FARMINGTON — Franklin County Sheriff Scott Nichols Sr. updated commissioners Tuesday on the Maine Board of Corrections action June 17 to reduce the jail’s operating budget by $100,000.

Nichols and commission Chairman Fred Hardy of New Sharon went to the Board of Corrections to request a new transport van to replace a 7-year-old one with high mileage and rust.

The board denied the request and told them to take it out of the jail’s $400,000 or so reserve, Nichols said.

The Board of Corrections had also asked the county to give another $100,000 to the state to help run other jails. County taxpayers raise $1.6 million for the jail annually, which is the cap developed in 2008 by the state for the consolidated jail system.

Nichols said he and Hardy asked the board to produce a law that the county had to pay the money from its reserve. It is legal for the county to save money in a jail reserve.

When the Board of Corrections couldn’t produce the law, they reduced the Franklin County jail’s original operational budget by $100,000 after Hardy and Nichols left the meeting, he said.

The move increases the annual payment to $730,576 but does not increase the amount taxpayers need to raise.

Nichols said he was assured it is a one-time adjustment to help the state through the 2014-15 financial shortfall.

Nine of the 12 jails who receive operational support distributions had the amount they were to receive reduced. The two other jails that had a mission change in 2009 will not have to increase payments. Franklin County Detention Center in Farmington became a 72-hour holding facility when the state took over the county jail system.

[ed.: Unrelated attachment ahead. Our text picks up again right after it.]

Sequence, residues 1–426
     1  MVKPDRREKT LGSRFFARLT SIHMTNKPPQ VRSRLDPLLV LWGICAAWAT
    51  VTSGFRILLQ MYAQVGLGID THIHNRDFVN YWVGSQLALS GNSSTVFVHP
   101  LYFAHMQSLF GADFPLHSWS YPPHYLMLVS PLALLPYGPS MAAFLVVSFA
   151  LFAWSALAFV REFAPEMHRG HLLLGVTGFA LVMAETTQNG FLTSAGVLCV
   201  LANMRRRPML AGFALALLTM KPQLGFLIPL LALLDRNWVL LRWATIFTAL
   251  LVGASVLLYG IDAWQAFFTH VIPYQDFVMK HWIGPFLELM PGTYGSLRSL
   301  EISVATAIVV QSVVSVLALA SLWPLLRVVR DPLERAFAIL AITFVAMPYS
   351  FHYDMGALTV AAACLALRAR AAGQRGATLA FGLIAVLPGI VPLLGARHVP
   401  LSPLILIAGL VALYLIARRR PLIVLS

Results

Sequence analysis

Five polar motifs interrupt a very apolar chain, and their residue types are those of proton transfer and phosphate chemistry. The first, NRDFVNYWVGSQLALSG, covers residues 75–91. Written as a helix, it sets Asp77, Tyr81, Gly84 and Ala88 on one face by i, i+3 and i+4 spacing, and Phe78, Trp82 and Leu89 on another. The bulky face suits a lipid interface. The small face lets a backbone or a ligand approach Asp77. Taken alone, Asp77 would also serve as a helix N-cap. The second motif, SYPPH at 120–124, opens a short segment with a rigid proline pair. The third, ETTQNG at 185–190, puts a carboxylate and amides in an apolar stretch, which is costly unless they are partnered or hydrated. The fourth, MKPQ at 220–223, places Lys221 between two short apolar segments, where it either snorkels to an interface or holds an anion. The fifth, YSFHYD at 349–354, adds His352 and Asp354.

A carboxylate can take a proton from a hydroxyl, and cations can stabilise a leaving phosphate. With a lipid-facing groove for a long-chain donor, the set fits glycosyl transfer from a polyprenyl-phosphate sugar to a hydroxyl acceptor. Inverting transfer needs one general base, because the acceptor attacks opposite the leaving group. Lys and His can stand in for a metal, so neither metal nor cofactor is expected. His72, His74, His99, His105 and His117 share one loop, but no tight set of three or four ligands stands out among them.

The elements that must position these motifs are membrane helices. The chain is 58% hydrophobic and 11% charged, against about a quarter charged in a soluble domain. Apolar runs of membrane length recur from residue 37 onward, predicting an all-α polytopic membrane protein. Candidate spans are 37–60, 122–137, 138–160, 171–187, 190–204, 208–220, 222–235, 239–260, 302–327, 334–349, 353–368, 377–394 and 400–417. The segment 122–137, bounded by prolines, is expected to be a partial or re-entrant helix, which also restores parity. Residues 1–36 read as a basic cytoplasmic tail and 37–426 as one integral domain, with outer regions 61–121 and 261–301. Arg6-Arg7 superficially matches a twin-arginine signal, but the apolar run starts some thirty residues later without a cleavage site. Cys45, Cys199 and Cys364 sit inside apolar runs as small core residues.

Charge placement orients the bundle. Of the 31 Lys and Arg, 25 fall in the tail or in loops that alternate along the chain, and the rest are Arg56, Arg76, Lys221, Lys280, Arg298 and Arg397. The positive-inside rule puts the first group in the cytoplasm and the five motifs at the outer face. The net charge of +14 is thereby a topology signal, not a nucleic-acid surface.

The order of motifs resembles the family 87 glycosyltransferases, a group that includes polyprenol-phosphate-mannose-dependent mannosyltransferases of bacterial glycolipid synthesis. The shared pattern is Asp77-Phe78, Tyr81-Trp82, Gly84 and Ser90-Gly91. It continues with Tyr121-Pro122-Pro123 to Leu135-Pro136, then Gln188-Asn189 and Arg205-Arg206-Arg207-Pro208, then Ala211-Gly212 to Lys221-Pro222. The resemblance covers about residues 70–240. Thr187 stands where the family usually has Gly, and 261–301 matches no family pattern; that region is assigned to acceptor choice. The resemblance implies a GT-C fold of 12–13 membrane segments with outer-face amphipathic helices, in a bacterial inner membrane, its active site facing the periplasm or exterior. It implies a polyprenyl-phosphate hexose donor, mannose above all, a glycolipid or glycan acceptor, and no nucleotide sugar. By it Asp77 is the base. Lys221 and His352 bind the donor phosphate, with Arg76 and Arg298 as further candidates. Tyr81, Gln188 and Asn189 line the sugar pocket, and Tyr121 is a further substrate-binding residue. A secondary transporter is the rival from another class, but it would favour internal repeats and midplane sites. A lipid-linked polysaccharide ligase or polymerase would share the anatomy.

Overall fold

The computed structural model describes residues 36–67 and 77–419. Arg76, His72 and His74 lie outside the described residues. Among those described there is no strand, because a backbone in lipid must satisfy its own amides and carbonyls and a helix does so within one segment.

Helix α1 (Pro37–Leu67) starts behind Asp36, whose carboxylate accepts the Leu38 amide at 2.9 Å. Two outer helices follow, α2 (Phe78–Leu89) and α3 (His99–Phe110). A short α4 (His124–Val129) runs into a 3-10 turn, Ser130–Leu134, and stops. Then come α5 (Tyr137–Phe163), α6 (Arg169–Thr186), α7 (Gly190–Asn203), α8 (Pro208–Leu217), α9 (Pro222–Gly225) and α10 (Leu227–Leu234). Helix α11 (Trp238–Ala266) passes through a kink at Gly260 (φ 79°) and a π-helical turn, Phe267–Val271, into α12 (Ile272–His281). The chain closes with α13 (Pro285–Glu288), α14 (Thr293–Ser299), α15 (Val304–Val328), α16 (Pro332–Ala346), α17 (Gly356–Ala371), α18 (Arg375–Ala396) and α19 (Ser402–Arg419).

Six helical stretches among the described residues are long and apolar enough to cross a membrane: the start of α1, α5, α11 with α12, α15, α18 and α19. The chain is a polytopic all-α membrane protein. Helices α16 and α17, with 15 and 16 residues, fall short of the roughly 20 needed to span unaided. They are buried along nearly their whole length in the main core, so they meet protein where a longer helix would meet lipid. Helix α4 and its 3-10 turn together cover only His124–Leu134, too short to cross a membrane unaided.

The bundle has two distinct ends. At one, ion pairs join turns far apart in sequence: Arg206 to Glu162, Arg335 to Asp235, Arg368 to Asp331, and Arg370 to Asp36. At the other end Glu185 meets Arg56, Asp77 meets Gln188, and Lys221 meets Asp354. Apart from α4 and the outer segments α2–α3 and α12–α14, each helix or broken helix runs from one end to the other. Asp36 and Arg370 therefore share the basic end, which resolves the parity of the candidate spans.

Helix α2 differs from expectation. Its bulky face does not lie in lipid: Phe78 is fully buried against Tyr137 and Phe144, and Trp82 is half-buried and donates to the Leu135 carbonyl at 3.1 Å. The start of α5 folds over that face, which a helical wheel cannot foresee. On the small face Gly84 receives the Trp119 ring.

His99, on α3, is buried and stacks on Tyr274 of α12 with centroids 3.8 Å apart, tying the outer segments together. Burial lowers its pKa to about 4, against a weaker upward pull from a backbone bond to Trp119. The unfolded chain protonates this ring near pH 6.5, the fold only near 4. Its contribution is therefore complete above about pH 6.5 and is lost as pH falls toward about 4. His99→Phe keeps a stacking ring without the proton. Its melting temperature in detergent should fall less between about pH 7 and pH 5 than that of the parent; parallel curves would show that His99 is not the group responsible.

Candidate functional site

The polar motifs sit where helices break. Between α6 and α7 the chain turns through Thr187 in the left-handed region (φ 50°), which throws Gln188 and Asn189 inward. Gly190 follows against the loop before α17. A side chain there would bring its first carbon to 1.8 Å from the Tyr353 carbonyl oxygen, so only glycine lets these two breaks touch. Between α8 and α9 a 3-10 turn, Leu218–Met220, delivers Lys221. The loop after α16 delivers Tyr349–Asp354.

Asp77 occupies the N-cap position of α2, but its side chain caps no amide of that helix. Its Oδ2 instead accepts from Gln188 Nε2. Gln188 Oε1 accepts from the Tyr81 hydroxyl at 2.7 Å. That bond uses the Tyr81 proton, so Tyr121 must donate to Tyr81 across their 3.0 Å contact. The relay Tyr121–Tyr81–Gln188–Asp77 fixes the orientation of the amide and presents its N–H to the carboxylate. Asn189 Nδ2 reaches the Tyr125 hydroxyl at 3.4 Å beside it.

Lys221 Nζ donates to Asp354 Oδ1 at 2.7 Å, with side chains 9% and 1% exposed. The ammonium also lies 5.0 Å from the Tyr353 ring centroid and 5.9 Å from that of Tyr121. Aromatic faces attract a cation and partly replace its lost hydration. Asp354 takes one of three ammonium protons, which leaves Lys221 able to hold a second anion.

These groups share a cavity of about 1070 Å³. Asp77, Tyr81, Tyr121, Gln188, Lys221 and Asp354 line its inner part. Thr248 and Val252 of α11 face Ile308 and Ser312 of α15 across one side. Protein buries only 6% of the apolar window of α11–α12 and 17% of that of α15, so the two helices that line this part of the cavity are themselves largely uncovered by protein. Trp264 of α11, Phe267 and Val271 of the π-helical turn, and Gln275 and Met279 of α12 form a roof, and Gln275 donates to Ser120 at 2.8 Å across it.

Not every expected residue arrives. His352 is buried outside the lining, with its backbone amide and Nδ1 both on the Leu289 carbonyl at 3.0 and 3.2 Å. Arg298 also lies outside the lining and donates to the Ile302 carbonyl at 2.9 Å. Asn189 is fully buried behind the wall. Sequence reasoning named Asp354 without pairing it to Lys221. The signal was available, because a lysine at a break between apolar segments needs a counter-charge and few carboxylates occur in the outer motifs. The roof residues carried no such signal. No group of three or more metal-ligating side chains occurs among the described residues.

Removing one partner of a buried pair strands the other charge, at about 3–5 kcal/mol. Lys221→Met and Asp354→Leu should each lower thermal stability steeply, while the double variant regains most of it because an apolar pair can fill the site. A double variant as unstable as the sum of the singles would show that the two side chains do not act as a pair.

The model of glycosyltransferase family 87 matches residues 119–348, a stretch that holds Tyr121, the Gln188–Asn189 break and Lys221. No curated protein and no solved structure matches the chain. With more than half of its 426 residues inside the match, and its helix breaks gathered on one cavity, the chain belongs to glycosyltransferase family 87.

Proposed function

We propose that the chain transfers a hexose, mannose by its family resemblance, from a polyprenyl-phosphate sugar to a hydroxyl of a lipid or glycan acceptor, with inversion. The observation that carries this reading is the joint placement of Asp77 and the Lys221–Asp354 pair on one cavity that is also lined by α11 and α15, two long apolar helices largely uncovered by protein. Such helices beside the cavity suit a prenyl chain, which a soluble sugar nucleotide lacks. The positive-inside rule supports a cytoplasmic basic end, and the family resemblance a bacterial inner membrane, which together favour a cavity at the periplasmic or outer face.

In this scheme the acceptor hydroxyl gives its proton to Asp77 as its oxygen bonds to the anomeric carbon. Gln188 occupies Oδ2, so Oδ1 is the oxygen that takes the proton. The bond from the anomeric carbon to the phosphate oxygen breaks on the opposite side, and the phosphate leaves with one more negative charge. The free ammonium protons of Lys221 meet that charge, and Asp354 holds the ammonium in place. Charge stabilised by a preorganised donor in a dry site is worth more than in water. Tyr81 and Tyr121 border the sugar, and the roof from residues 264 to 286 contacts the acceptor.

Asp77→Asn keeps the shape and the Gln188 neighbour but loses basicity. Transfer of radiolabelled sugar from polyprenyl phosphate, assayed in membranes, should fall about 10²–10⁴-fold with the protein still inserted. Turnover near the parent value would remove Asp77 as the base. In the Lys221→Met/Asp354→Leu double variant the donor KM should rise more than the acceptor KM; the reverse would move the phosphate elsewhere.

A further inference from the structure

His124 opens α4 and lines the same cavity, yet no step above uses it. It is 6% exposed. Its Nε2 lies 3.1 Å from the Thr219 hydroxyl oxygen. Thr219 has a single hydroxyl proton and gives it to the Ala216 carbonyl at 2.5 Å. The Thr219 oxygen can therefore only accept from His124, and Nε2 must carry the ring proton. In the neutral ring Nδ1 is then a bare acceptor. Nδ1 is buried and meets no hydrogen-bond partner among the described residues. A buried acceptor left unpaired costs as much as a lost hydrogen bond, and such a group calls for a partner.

Nichols told commissioners that his concern is what happens in 10 months when he has a shortfall. The worst-case scenario, he said, is the jail would be closed and become just an intake center for arrestees.

Nichols said he is hoping that with the reduction in travel time as well as a reduction in overtime, unless Somerset County Jail in Madison stops taking other jails inmates again, that they will be able to live within the reduced budget without coming to commissioners to spend more of the reserve.

This year, they are looking at having about $80,000 left over but they still need to buy a new transport van and other items, he said.

Nichols said he was originally told by the Board of Corrections that everyone was going to feel the pain of the state’s shortfall but it does not appear to be true. Some jails were not affected by the shortfall and some did not have to pay in more money.

It costs about $1.1 million to operate the jail annually, Nichols said.

Commissioner Hardy said it is up to the three commissioners if they want to pay the additional $100,000. He would not be in favor of sending the state more money to prop up the consolidated jail system, he said. It is up to the state to fund the shortfall, he said.

“It is grossly unfair,” Hardy said.

He also said he didn’t trust the state’s word that this would be a one-time adjustment.

Hardy also accused the Board of Corrections of not being very friendly to Franklin County.

No vote was taken.

Commissioner Gary McGrane said the county would not go back to the taxpayers for more money. There is money to cover the cost of the van, he said.

“We can only spend (the reserve money) on corrections. It cannot go back to the taxpayers,” he said, because the state capped the amount taxpayers raise. Otherwise, the county would not request taxpayers to raise more than necessary, he said.

Other jails are feeling the pain of the shortfall, he said.

“The system is not designed to make everybody happy,” McGrane said.

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